Commentary Magazine


The Kastner Case

To the Editor:

W. Z. Laqueur’s “The Kastner Case,” in Commentary of December 1955, leaves more questions open than it answers, but I do not think it is his own fault entirely.

One wishes, of course, that Mr. Laqueur had taken into consideration facts that can be found in Gerald Reitlinger’s The Final Solution and Leon Poliakov’s Harvest of Hate, both of which books he himself mentions. He would, I am sure, have ascertained that the Kastner story did not start with the introductory letter Rabbi Weissmandl gave Wisliczeni, but with the first attempts to rescue Jews in Slovakia. (Rabbi Weissmandl now lives in this country and can be called on for corroboration.)

It was early in 1943 that news began to leak from Bratislava (Pressburg) that Jewish lives could be bought with money. From then on the question of ransoming Jewish lives was discussed again and again, but save for a few exceptions nothing was done about it on a large scale. A second basic omission in Mr. Laqueur’s article is his failure to stress the specific Hungarian Jewish situation and the different attitudes prevailing among the Jews of Hungary themselves. The fall of Bela Kun’s Red republic in 1919 sent thousands of Jews into baptism, and produced a strong movement for assimilation whose followers were not too happy about their more faithful brethren outside Budapest.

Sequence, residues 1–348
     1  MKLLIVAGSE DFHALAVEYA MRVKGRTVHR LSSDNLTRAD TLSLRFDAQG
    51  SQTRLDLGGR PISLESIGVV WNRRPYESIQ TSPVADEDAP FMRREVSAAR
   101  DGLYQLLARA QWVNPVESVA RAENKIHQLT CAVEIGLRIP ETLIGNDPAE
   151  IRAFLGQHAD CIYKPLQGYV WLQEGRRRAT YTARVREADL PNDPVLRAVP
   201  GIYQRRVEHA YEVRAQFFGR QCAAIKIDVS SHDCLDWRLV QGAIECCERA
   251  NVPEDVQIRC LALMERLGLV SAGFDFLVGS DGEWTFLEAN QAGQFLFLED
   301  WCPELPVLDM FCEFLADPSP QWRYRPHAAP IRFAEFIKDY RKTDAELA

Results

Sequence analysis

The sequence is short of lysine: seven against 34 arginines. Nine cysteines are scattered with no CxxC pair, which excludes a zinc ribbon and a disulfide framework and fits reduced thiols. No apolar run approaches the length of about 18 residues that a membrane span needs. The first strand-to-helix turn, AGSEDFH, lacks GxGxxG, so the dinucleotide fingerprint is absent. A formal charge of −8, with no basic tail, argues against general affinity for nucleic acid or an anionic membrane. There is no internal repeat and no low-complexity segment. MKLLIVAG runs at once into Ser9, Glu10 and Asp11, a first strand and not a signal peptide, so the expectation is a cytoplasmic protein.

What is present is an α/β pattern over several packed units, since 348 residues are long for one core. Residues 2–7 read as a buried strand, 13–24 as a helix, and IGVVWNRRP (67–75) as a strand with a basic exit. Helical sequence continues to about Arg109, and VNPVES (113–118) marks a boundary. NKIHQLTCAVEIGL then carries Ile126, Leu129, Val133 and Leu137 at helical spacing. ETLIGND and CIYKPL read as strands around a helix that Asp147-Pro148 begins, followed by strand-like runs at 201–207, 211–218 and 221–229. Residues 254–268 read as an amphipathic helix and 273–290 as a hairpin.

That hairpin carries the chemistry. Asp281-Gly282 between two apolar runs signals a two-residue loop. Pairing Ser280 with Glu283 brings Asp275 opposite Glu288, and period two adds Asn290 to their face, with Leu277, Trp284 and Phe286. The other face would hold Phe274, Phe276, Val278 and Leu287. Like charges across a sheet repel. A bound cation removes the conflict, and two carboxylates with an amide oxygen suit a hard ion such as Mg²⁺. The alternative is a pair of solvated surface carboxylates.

To answer some of the other questions raised by Mr. Laqueur, we have to recall that there was factional strife in the SS leadership, especially in 1944: both Schellenberg and Becher, with the alleged consent of Himmler, tried to use the Jews to provide the SS with an alibi after the defeat of the Third Reich. Kaltenbrunner, Eichmann, Krumey were opposed to this, and Himmler had to conceal his attempts to exploit the plight of the Jews from this group, whose attitude, like Hitler’s, was: “After us the deluge.”

We have also to realize that Hungary’s own leadership was corrupt, and after March 1944 under frequent change. When Horthy dismissed his prime minister, Stojay, the massacre of Jews stopped for a few months.

This brings me to my main point. We have scores of books on the extermination of the Jews, but not one authoritative volume, or even monograph, on the attempts to rescue them. Mr. Kastner certainly did not operate in thin air, but kept in steady contact with Jewish organizations that were, in their turn, in touch with the Allied governments. There is an untapped wealth of material on the rescue work—the trials, the disappointments, and the modest successes it knew—in the files of the American Jewish Joint Distribution Committee, of the World Jewish Congress, of the American Jewish Committee, and, last but not least, of the Jewish Agency for Palestine.

Thus Mr. Laqueur’s questions need not go unanswered forever. The “Kastner case” would have remained a “Greenwald case,” and not been exploited for purely political ends, had this material been thoroughly studied and the results published. The picture that we get from the Kastner case will remain onesided until the story of the rescue attempts is told in full. Here is a task that has awaited the interest of the many Jewish research institutions far too long.

Kurt R. Grossman
New York City

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Correction

In our issue of November 1955 the name of the author of the story “The Others” was incorrectly given as Alfred Memmi. Mr. Memmi’s first name is Albert.

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About the Author




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